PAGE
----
SACRAMENTO, California (AP) — A resolution urging California colleges and universities to squelch nascent anti-Semitism also encouraged educators to crack down on demonstrations against Israel, angering advocates for Muslim students.

With no debate, lawmakers on Tuesday approved a resolution that encourages university leaders to combat a wide array of anti-Jewish and anti-Israel actions.

"California schools need to recognize that anti-Semitism is still a very real issue on college campuses around the state — it did not disappear with the end of World War II," said Assemblywoman Linda Halderman, the resolution’s author.

Most of the incidents of anti-Semitism the resolution cited are related to the Israel-Palestine debate. These include instances of protesters comparing Israeli police to Nazis and urging support for Hamas.

The resolution, which is purely symbolic and does not carry policy implications, also condemns the suggestion that Israel is a "racist" state and that Jews "wield excessive power over American foreign policy."

CLEVELAND (AP) — An Amish preacher testified Wednesday that he watched three men cut his father’s hair and beard during an attack last fall that left his father shaking and relatives screaming.

Andy Hershberger was the first witness in the federal trial of a breakaway Amish group from the U.S. state of Ohio accused of hate crimes in hair-cutting attacks on fellow Amish. Prosecutors say Hershberger’s father was among those attacked because he and the leader of the breakaway group had religious differences.

Andy Hershberger testified that his father, an Amish bishop, pleaded for the men not to shear him. But he said within minutes, the hair from his father’s beard had been cut and scattered across the floor. He said clumps of hair were missing from his father’s head and his scalp was bleeding.

Prosecutors say his father, Raymond Hershberger, was targeted because he was among several bishops who had religious disagreements with Mullet.

Attorneys for the defendants argue that the Amish are bound by different rules guided by their religion and that the government shouldn’t get involved in what amounted to a family or church dispute.


Businesses reopen after 2 days of riots in Mombasa, questions remain about murder of Islamist

MOMBASA, Kenya (AP) — Businesses reopened Wednesday in most parts of Mombasa after youths rioted for two days, angered over the killing of a hardline Muslim cleric.

The rioting on Monday and Tuesday had brought this vibrant city, Kenya’s second-biggest, to a near standstill, left four people dead and several churches and businesses damaged.

Police reinforcements helped contain attempts by youths from the populous Majengo area to continue with the protests for a third day.

The disturbances broke out as a response to the killing of Muslim cleric Aboud Rogo Mohammed, who had been sanctioned by the U.S. and U.N. for his alleged support for al-Shabab, an al-Qiada-linked militant group in Somalia. He was shot to death by unidentified gunmen Monday morning as he drove in his car with his family.


Police say Jewish religion not factor in attack on US college student

DETROIT (AP) — A university student’s Jewish religion was not a factor in an assault at an off-campus party, police said Wednesday, a day after the 19-year-old man claimed he was hit in the jaw as a victim of "religious hatred."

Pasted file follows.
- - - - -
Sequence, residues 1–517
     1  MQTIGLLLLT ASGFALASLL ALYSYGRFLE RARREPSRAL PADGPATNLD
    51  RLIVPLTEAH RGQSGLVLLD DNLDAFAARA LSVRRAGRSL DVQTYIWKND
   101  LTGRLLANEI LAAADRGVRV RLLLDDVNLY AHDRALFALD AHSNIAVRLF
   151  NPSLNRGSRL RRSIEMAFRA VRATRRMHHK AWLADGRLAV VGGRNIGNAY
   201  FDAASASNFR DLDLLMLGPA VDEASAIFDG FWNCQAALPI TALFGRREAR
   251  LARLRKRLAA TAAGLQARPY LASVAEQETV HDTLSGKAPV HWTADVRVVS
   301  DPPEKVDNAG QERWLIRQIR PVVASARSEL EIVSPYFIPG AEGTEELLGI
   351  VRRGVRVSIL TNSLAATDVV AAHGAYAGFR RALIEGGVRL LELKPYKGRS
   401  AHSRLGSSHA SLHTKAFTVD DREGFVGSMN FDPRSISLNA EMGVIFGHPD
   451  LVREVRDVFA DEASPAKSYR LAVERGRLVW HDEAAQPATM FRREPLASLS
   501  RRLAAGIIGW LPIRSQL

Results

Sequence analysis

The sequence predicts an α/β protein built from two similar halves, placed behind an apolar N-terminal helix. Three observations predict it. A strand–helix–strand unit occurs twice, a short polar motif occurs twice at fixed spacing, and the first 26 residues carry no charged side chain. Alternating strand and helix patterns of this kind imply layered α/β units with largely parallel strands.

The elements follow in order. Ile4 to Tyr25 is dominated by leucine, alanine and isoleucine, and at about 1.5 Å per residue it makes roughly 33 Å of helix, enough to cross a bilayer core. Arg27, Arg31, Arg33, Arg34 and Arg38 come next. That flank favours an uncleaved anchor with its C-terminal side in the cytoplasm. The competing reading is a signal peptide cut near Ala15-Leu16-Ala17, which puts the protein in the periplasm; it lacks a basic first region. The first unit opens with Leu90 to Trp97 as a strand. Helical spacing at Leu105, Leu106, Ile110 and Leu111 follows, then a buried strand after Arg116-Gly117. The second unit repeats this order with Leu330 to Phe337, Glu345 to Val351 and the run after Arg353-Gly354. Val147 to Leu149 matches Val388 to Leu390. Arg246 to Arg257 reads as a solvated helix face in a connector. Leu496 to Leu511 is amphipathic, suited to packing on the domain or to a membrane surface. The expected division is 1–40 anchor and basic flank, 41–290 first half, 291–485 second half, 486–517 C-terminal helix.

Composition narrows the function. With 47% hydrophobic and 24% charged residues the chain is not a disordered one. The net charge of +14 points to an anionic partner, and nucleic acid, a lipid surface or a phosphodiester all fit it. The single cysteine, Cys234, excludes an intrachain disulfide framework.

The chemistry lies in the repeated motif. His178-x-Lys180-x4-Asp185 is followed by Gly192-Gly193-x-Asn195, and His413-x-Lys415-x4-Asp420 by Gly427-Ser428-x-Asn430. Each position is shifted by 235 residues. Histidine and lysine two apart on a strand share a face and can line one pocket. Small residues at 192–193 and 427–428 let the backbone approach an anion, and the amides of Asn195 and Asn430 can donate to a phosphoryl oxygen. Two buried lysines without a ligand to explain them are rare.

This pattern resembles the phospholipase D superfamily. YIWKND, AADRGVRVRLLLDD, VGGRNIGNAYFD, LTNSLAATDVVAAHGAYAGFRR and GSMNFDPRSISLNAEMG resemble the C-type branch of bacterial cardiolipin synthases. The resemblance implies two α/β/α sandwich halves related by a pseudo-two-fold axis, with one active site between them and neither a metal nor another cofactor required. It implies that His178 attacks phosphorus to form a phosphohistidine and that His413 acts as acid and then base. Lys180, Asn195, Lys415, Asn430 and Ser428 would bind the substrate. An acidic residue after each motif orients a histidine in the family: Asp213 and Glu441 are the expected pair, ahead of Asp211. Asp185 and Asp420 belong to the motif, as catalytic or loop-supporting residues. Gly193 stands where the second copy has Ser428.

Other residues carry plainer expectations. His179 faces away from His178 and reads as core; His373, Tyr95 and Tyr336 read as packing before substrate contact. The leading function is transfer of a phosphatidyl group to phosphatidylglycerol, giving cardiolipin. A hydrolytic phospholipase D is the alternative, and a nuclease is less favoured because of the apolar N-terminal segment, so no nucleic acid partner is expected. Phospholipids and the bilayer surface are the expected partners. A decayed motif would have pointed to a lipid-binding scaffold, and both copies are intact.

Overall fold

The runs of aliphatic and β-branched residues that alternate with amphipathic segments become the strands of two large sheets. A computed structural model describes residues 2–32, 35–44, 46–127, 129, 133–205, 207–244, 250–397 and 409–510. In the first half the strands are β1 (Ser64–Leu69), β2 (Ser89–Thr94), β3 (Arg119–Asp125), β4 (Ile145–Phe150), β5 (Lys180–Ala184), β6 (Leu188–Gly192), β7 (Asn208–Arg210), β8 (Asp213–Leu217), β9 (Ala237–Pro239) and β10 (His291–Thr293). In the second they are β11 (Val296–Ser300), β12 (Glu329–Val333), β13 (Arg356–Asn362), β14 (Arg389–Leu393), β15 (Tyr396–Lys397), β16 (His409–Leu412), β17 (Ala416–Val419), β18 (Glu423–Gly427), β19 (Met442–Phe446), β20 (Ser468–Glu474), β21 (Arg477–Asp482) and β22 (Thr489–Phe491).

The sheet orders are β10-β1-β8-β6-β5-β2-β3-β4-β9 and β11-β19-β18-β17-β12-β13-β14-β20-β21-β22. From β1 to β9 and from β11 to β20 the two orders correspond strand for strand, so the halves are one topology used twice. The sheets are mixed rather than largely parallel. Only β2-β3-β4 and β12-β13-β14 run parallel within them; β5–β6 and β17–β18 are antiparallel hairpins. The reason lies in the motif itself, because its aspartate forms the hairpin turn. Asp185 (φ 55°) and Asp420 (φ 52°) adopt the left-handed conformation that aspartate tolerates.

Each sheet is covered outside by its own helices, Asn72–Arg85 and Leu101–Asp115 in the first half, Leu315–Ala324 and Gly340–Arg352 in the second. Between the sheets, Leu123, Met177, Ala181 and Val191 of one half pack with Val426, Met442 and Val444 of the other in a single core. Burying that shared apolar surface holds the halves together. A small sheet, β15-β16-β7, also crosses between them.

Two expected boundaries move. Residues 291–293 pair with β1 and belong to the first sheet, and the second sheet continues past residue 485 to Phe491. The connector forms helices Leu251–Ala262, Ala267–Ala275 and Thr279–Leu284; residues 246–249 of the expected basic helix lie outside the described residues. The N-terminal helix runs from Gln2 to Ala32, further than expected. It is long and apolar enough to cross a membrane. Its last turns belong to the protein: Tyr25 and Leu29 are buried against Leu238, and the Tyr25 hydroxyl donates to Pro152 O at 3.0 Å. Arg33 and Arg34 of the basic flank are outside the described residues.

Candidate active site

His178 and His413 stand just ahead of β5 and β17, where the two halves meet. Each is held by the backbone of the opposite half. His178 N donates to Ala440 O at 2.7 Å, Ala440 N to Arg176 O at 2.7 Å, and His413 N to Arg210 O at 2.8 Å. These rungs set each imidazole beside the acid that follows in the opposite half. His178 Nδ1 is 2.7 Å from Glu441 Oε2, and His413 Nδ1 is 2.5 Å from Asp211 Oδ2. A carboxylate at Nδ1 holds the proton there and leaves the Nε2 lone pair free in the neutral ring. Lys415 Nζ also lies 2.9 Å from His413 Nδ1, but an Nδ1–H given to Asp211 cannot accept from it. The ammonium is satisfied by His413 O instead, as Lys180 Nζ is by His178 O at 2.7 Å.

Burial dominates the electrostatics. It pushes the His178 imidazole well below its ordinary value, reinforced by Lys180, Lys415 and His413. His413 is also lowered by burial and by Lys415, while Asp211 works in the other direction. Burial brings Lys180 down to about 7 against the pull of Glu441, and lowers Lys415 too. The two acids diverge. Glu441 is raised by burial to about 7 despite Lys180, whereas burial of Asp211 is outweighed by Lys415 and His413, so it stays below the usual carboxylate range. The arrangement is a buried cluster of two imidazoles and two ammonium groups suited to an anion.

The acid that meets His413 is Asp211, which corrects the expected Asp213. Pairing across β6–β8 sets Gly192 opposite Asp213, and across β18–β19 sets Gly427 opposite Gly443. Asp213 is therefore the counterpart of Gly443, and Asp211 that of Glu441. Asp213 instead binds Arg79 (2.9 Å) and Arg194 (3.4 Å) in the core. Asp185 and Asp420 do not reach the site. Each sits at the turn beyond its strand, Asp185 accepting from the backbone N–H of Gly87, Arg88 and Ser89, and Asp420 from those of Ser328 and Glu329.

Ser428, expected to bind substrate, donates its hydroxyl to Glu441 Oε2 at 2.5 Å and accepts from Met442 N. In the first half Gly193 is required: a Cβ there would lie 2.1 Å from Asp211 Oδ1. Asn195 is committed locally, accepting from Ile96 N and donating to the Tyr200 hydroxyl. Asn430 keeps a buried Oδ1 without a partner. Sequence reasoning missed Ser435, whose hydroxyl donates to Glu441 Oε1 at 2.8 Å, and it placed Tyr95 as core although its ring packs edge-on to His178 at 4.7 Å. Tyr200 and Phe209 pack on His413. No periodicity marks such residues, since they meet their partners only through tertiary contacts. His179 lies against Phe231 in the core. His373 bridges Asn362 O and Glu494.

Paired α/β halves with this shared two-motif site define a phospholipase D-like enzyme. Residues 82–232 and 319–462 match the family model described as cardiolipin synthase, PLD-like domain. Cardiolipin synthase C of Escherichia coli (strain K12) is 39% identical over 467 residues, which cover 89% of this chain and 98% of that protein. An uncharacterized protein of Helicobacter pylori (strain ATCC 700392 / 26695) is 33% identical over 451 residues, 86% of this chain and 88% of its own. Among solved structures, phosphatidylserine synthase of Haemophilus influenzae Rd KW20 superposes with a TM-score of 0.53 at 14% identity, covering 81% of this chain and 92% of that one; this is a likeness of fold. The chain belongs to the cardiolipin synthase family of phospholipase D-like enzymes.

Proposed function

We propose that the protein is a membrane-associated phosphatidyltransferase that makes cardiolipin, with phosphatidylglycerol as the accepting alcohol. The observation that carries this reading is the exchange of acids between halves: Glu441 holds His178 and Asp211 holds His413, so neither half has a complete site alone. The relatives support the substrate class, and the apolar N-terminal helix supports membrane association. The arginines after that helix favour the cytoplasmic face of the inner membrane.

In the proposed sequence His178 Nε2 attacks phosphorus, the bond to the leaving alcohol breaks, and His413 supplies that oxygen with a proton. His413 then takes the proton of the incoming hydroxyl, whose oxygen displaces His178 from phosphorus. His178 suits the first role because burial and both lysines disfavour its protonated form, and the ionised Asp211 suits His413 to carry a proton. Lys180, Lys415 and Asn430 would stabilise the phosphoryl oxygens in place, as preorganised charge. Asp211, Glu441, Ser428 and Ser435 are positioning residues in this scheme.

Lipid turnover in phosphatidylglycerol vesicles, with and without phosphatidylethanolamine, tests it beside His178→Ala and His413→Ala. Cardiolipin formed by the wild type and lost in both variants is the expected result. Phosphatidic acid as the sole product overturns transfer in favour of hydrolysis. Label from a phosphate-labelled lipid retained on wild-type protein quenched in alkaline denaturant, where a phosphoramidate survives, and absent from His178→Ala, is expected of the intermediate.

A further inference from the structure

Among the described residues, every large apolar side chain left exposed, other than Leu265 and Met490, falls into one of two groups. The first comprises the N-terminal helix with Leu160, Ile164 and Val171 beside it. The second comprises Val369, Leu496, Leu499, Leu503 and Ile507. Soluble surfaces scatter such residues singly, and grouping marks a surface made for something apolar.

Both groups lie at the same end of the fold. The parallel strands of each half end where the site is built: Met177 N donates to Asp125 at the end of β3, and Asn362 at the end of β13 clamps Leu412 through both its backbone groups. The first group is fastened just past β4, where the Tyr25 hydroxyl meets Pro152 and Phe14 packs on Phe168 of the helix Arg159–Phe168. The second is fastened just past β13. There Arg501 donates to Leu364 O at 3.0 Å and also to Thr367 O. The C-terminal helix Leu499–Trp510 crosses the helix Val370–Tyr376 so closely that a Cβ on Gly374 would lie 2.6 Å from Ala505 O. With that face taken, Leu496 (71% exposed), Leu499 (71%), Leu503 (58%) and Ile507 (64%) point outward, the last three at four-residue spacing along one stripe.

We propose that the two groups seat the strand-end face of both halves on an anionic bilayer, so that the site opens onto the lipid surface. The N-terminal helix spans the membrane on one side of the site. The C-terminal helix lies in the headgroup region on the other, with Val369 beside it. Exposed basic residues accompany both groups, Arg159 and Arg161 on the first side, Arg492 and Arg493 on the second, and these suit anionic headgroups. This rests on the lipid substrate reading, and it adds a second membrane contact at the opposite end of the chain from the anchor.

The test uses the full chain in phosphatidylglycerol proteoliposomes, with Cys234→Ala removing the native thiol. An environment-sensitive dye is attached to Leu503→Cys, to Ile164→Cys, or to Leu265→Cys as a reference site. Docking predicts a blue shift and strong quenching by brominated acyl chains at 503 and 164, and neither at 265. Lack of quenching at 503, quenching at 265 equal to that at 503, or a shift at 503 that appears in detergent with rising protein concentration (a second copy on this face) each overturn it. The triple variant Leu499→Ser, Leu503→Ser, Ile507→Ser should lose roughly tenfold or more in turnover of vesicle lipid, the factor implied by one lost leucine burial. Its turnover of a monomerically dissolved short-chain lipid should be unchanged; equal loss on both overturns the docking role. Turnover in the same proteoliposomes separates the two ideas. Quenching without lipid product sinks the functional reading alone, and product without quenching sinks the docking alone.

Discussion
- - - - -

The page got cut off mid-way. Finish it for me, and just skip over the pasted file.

There is no dispute that Zach Tennen was seriously injured early Sunday. But witnesses interviewed by detectives have not confirmed Tennen’s account that he was attacked after revealing he’s Jewish, East Lansing police Capt. Jeff Murphy said.

Police also have no evidence that Tennen’s mouth was stapled, as he maintains, Murphy said.

"There’s a lot more to it than what is on the surface," Murphy told The Associated Press. "This came out early as being reported as a hate crime. It now appears after we’ve talked to many people who were at this party — and most importantly two witnesses who saw the actual assault — it doesn’t appear that religion was the reason he was assaulted."

Tennen is recovering from jaw surgery. His father, Bruce Tennen, said the police department’s latest "assertions sicken us."

Tennen was punched while in the front yard of a Michigan home while 40 people partied in the backyard. The Michigan State student said he was punched and had his mouth stapled after telling two men that he’s Jewish.


Indian court finds 32 Hindus guilty for their roles in deadly religious riots 10 years ago

AHMADABAD, India (AP) — An Indian court convicted a former state government minister and 31 other people Wednesday in connection with deadly anti-Muslim riots that shook the western state of Gujarat in 2002.

The violence, which killed more than 1,100 people, almost all Muslims, began after a train fire on Feb. 27, 2002, that killed 60 Hindu pilgrims. Hindu mobs, convinced Muslims set the fire, rampaged through towns and villages burning Muslim homes and businesses.

Rights groups and survivors have accused the state government, controlled by the Hindu right-wing Bharatiya Janata Party, of not doing enough to stop the violence and even stoking it.

The convictions Wednesday, on charges ranging from rioting to murder, stemmed from an attack in Naroda Patiya, a small industrial town on the outskirts of Ahmadabad, Gujarat’s capital, that killed 95 people.

Those convicted included Maya Kodnani, a state legislator at the time who later became minister of education and child welfare in the Gujarat government. She was arrested in 2009 on charges of murder and criminal conspiracy and has been in prison since.